What insolvency issues do I need to consider in reorganising my business?
If there are concerns in relation to the solvency of your business, you should involve an insolvency practitioner as soon as possible.
The Government has announced new legislation will be introduced due to the COVID-19 crisis to grant a temporary suspension of the wrongful trading provisions, which will take effect retrospectively from 1 March 2020. Such legislation will allow directors to trade without personal liability even if there are reasonable grounds to suspect their company will become insolvent. There will also be a temporary moratorium for businesses which need to undergo a financial rescue or restructuring process, to prevent creditors from taking action to wind such businesses up.
Notwithstanding this, the Secretary of State for Business, Alok Sharma, has stated that "all of the other checks and balances that help to ensure directors fulfil their duties properly will remain in force." Accordingly, directors must continue to comply with their duties, in particular those owed to the company's creditors where the company is, or is likely to be, insolvent. Such duties should be considered as part of any restructuring process.
Even if there are no solvency concerns at present, it is important that assets are transferred at market value, to avoid the transfers being reviewable and potentially unwound on the basis of them being preferences or transactions at an undervalue should a company which is part of the reorganisation subsequently fall into liquidation or administration.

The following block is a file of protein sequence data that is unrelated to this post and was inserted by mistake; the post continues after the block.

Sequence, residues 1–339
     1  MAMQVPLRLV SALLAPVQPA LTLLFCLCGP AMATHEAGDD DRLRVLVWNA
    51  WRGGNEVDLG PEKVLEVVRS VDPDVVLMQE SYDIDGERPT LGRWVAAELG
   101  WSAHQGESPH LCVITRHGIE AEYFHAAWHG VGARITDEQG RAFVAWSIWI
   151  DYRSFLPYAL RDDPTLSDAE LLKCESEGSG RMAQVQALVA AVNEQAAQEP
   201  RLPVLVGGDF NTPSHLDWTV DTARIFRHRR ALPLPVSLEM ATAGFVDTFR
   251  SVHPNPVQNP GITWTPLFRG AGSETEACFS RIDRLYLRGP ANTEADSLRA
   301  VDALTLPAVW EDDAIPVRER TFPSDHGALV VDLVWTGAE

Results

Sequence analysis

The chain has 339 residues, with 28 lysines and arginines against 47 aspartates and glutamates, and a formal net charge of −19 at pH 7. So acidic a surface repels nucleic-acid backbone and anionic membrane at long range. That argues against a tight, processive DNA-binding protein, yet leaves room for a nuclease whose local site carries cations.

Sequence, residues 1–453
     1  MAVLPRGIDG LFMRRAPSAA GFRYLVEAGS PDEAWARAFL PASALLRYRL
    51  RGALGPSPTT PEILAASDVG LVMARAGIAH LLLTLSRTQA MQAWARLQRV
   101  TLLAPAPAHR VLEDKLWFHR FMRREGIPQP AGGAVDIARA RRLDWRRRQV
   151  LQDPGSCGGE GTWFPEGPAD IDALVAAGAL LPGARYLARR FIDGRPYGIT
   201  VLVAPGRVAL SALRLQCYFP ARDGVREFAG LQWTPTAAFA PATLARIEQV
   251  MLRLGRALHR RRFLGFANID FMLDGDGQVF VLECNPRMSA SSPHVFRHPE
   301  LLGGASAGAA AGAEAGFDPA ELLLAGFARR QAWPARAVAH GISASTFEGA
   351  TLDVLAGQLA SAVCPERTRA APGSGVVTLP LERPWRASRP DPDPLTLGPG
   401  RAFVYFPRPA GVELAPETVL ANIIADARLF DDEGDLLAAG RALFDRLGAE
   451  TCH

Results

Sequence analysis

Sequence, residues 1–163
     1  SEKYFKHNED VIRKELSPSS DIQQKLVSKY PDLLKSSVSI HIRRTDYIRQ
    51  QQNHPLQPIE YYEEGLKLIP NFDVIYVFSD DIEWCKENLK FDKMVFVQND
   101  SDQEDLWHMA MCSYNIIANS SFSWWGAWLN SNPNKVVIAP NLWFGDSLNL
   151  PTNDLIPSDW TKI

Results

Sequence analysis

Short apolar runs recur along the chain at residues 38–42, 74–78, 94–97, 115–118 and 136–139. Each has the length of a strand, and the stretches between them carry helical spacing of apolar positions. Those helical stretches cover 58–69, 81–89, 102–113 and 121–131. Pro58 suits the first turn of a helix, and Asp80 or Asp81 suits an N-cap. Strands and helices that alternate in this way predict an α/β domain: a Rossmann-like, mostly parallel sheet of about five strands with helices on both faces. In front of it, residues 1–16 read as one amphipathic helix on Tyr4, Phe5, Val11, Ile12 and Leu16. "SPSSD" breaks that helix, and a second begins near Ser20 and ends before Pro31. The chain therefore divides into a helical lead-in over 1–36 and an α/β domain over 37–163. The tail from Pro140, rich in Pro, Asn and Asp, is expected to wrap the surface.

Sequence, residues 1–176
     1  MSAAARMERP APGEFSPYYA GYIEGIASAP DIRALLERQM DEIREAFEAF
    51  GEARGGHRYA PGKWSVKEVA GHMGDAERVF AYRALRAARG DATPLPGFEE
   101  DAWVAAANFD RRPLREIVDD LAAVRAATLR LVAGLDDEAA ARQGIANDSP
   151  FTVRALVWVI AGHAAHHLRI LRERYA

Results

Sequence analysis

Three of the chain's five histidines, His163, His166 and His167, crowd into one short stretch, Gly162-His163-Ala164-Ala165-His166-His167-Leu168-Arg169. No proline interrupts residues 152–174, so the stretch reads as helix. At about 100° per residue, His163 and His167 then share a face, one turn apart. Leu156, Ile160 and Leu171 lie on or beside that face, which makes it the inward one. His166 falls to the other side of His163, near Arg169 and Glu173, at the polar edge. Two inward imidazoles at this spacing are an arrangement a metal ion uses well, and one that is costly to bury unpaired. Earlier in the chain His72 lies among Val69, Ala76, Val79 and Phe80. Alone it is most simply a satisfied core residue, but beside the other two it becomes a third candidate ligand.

Do my employees to be told about the proposed reorganisation?
If a business which employs people is being transferred as part of a proposed reorganisation, then both the current employer and the new employer must adhere to the TUPE Regulations, which broadly provide that the employees’ contracts of employment automatically transfer to the buyer company on their existing terms.
All of the selling company's rights, powers, duties and liabilities under or in connection with the employees' contracts will pass to the buyer company and any acts or omissions of the seller company before the transfer will be treated as having been done by the buyer company. There are certain exceptions in this regard in relation to a sale of a business out of administration, when the Redundancy Payments Office will assume certain employee liabilities (depending upon the circumstances and subject to the relevant statutory limits), as mentioned above.